If Sprint, T-Mobile divest customers in a merger, they could call América Móvil
América Móvil said it would consider purchasing US subscribers divested from the merger of Sprint and T-Mobile. However, several puzzle pieces would need to fall into place before that kind of transaction could happen.
"That would be good, and we're open to think about it," Daniel Haji, the CEO of the Mexico City-based carrier, said during the company's quarterly earnings conference call. According to BTIG analyst Walter Piecyk, Haji was responding to a question about whether the company would be interested in buying assets potentially divested by Sprint and T-Mobile. Haji said the company would be interested in purchasing subscribers from a divestment, but not network assets like spectrum or cell tower equipment.
Haji's comment is essentially a response to recent reports that the Department of Justice won't accept the merger of Sprint and T-Mobile as it is currently structured. That could well lead the companies to restructure their merger proposal to include conditions or divestitures including the sale of their prepaid customers. Sprint currently operates the Boost and Virgin Mobile prepaid brands and counts around 8.8 million prepaid customers, while T-Mobile operates the Metro by T-Mobile prepaid brand and counts roughly 18 million customers.
The analysts at Wall Street research firm Raymond James said Sprint and T-Mobile likely would divest Sprint's Boost prepaid operation. The analysts wrote in a note to investors that América Móvil "is open to see what alternatives might become available from the TMUS/S merger (i.e., buying the Boost prepaid brand) if divestitures are required as a condition of merger approval."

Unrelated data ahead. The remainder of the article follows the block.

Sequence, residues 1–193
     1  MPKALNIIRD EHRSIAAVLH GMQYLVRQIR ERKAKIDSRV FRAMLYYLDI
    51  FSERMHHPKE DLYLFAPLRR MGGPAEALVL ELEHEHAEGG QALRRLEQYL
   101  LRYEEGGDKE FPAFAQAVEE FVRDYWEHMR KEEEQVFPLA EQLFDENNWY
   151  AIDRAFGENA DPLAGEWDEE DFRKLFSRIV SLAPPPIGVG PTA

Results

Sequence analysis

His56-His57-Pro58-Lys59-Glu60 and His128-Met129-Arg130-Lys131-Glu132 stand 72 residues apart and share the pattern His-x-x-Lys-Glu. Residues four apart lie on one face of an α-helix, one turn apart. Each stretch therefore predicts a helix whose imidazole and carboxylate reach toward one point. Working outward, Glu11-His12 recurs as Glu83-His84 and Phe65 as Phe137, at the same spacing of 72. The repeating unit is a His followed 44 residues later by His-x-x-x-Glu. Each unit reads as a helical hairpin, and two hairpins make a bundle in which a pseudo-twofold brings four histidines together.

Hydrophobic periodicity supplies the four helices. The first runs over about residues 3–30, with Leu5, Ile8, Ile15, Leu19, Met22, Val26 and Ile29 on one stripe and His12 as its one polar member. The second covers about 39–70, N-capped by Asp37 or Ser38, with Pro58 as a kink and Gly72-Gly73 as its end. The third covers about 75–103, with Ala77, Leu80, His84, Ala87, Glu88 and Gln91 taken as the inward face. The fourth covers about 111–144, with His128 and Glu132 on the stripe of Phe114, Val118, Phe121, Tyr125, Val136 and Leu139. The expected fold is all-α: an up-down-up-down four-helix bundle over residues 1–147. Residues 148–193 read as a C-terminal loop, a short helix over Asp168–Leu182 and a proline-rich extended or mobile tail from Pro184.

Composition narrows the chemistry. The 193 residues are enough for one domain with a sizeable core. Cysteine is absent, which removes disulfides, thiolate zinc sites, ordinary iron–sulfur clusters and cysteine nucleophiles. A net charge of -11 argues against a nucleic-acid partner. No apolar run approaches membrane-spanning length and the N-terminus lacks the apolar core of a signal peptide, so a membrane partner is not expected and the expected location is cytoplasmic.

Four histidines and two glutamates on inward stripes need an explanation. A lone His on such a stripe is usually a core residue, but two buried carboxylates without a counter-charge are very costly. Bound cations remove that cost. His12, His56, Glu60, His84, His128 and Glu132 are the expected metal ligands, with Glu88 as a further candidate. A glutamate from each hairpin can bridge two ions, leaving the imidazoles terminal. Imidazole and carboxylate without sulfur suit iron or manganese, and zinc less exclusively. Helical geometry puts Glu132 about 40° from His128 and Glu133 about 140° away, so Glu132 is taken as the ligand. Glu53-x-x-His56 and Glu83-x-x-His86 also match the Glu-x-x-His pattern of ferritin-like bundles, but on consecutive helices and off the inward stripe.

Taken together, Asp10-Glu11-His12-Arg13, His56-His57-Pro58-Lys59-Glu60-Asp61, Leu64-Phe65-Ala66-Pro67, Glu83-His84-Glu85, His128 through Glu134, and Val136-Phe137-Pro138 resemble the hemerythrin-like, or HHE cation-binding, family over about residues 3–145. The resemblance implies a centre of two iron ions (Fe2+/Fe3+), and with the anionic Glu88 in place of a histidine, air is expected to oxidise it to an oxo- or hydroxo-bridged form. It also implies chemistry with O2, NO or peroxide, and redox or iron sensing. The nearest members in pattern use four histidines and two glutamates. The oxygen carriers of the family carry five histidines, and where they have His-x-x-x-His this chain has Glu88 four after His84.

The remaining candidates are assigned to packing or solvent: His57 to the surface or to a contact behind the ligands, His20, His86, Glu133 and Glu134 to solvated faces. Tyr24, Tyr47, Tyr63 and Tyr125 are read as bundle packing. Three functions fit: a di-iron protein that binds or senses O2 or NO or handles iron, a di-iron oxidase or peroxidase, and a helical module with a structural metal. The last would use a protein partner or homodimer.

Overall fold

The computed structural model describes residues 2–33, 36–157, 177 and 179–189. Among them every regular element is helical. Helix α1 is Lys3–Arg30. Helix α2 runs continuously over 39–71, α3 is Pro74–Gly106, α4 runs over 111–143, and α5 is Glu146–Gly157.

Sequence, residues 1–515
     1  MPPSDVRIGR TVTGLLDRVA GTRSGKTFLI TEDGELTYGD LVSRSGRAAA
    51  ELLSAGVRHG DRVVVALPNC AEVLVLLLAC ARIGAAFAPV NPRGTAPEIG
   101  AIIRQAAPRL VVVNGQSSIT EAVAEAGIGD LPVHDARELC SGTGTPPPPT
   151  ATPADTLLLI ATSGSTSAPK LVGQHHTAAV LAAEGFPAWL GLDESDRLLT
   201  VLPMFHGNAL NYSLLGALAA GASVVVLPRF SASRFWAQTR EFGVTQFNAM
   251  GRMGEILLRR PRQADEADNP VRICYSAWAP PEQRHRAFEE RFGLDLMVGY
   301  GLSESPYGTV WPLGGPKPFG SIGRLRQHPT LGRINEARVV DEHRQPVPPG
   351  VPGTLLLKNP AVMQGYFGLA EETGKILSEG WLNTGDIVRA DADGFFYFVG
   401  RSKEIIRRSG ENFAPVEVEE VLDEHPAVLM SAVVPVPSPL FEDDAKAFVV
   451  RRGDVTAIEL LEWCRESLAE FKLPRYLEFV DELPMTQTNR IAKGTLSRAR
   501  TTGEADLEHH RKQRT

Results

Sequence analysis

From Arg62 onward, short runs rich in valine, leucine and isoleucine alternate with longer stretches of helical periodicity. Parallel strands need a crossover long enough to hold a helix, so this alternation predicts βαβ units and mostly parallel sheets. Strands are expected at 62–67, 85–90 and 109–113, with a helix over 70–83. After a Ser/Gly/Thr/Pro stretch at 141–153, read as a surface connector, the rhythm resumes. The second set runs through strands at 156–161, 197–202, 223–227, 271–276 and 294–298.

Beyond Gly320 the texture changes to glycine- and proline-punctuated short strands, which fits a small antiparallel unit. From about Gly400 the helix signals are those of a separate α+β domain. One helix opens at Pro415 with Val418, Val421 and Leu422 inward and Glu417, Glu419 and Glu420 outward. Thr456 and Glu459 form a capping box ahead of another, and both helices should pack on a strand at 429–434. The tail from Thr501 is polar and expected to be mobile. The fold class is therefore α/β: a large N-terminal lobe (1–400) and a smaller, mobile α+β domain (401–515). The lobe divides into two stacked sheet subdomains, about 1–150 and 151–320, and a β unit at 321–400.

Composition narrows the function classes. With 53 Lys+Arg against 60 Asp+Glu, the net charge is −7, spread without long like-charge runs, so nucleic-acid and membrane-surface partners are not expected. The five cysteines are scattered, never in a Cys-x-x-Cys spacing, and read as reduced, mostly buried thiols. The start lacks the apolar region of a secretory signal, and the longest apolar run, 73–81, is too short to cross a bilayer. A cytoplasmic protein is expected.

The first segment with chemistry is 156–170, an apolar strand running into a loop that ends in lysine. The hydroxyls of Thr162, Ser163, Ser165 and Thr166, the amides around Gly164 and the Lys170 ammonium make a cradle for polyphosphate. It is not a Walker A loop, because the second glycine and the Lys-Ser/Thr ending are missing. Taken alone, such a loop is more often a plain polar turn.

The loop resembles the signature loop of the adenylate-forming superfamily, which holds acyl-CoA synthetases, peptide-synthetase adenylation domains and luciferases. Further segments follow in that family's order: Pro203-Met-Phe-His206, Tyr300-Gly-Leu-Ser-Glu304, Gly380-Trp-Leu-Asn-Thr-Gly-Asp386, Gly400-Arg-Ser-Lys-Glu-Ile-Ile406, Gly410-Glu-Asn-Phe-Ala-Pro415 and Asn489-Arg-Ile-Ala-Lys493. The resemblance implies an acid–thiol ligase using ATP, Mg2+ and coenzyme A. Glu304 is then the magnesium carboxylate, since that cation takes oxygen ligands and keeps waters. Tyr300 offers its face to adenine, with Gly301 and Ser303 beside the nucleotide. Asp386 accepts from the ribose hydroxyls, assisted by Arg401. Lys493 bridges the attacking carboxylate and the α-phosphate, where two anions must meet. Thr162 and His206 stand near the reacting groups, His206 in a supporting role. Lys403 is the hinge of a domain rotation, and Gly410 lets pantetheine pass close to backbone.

However, for that transaction to happen, first Sprint and T-Mobile would need to agree to amend their merger agreement -- a situation neither company has said it's interested in pursuing. And then América Móvil would have to purchase those divested customers through some kind of transaction.
Such a move by América Móvil has precedent: The company previously purchased US MVNOs Simple Mobile and Page Plus Cellular. América Móvil is the largest MVNO in the US with around 21.6 million customers; its MVNO brands include Tracfone and Straight Talk.
All this jockeying around prepaid is noteworthy considering T-Mobile just today confirmed a management restructuring that includes the departure of Tom Keys, the executive who has led T-Mobile's prepaid business since the company purchased prepaid company MetroPCS in 2013. As first noted by GeekWire and subsequently confirmed by the operator, T-Mobile's longtime prepaid executive Keys is stepping down and turning over leadership of Metro by T-Mobile to T-Mobile retail chief Jon Freier. Keys is retiring but T-Mobile said he will continue to work as an advisor focusing on the prepaid aspects of the Sprint merger.
And all of these new developments come amid a growing consensus that T-Mobile's proposed merger with Sprint is facing serious obstacles.
T-Mobile CEO John Legere said last week that he was confident the merger between Sprint and T-Mobile would be approved by the end of June. However, two days after Legere made his comments, Sprint and T-Mobile extended their deadline for completing the deal to July 29.
Then, two days after that, the head of the Justice Department's antitrust division said he has not yet decided on the transaction. "I have not made up my mind," Makan Delrahim said in an interview with CNBC. "The investigation continues."
Partly as a result of all these developments, Raymond James lowered its odds on the Sprint-T-Mobile merger as it is currently structured from 80% to 55%.